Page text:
Written by Katy Campbell • Published 07th November 2012

The presence of technology in our everyday lives is more prominent than ever before. The sale of newspapers are declining rapidly due to the rise of tablets and smartphones, and face-to-face conversation has been replaced with online interaction; this week it has been reported that 53% of Britons will connect with up to 10 people whilst dining with a loved one.

Inevitably this trend has begun to affect the younger generation and topping the Christmas list of many children this year will be the new and improved Furby. In 1998, when Furbys were first released, they were revolutionary. Their infrared eyes meant they could communicate with their owner, one of the first really interactive toys of the generation which would spark a trend.


Image Courtesy of yoshifumi yamaguchi, flickr.com

Image Courtesy of yoshifumi yamaguchi, flickr.com

This year the Furby is back, with more motors and sensors than before, making the Furby more interactive than ever. Using research that shows a quarter of nine and 10 year olds use social networks, the new Furby will also include a smartphone and tablet app, with the toy evolving its personality based on how each child plays with it.

However, the Furby is not the first toy to come with app-based components, with children become more technologically savvy, apps are possibly one of the most popular forms of toy, you only have to look at the most popular downloads on iTunes to verify this. Although you might think that these apps will make the more traditional toys obsolete, in fact, it presents an exciting opportunity to reinvent a classic and make it relevant to the modern world. For example, companies that make puzzles are creating 3D toys meaning that when the last piece is in place, the picture comes to life.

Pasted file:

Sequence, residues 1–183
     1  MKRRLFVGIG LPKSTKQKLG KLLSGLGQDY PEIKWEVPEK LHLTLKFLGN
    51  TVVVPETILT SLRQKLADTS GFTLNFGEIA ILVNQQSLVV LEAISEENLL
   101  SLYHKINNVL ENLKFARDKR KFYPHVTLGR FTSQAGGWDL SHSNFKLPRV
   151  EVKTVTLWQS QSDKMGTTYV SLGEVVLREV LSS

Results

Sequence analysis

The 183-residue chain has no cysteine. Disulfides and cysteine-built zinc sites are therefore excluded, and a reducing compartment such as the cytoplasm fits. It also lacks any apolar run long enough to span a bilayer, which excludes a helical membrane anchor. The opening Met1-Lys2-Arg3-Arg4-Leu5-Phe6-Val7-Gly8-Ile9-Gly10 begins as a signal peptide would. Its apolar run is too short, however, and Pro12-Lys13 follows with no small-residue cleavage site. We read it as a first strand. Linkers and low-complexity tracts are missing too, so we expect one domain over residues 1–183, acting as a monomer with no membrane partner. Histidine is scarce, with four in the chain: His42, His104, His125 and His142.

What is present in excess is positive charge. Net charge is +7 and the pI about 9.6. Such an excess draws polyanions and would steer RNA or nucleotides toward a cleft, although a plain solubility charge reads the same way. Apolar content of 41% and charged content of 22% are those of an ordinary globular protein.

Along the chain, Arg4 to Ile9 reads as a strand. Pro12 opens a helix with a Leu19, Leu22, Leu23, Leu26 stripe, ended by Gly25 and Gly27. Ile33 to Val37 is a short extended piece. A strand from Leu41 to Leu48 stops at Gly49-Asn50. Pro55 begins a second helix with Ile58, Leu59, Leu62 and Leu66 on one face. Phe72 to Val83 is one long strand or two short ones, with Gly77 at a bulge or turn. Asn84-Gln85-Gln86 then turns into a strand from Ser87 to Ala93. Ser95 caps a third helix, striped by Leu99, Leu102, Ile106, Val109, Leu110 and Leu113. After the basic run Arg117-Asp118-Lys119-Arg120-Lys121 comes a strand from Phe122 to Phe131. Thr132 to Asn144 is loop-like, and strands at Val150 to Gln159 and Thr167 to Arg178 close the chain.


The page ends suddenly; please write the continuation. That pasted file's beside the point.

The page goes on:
Of course, the rise of app-based toys means the demand for children to own their own tablets or smartphone, which of course no doubly will be joined with choirs of web safety for its users. But instead of trying to prevent children from developing their technology skills, which let’s face will be a constant uphill struggle, companies are starting to develop tablets specifically for children, and they have been hugely successful.

With technology becoming more integral to all components of our lives, of course, this effect will impact on children. Instead of mourning the loss of the ball and string, we should embrace the change, I for one am looking forward to how toy companies will develop their more traditional products into something that is relevant to today.